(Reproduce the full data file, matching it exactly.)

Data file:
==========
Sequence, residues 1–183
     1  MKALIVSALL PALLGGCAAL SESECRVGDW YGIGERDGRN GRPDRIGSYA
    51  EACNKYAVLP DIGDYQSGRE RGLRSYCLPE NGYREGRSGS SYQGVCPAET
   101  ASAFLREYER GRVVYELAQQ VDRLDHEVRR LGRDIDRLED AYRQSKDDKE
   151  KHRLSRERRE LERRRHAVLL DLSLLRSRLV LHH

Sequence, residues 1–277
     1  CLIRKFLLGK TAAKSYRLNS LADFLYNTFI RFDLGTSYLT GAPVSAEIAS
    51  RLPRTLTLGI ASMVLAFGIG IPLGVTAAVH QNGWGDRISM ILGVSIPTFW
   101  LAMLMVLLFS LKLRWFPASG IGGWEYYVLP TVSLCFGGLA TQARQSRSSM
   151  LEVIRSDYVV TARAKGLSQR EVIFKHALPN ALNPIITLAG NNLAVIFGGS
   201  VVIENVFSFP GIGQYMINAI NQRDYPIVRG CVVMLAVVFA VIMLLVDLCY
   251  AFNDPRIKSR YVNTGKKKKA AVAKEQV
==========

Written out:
Sequence, residues 1–183
     1  MKALIVSALL PALLGGCAAL SESECRVGDW YGIGERDGRN GRPDRIGSYA
    51  EACNKYAVLP DIGDYQSGRE RGLRSYCLPE NGYREGRSGS SYQGVCPAET
   101  ASAFLREYER GRVVYELAQQ VDRLDHEVRR LGRDIDRLED AYRQSKDDKE
   151  KHRLSRERRE LERRRHAVLL DLSLLRSRLV LHH

Sequence, residues 1–277
     1  CLIRKFLLGK TAAKSYRLNS LADFLYNTFI RFDLGTSYLT GAPVSAEIAS
    51  RLPRTLTLGI ASMVLAFGIG IPLGVTAAVH QNGWGDRISM ILGVSIPTFW
   101  LAMLMVLLFS LKLRWFPASG IGGWEYYVLP TVSLCFGGLA TQARQSRSSM
   151  LEVIRSDYVV TARAKGLSQR EVIFKHALPN ALNPIITLAG NNLAVIFGGS
   201  VVIENVFSFP GIGQYMINAI NQRDYPIVRG CVVMLAVVFA VIMLLVDLCY
   251  AFNDPRIKSR YVNTGKKKKA AVAKEQV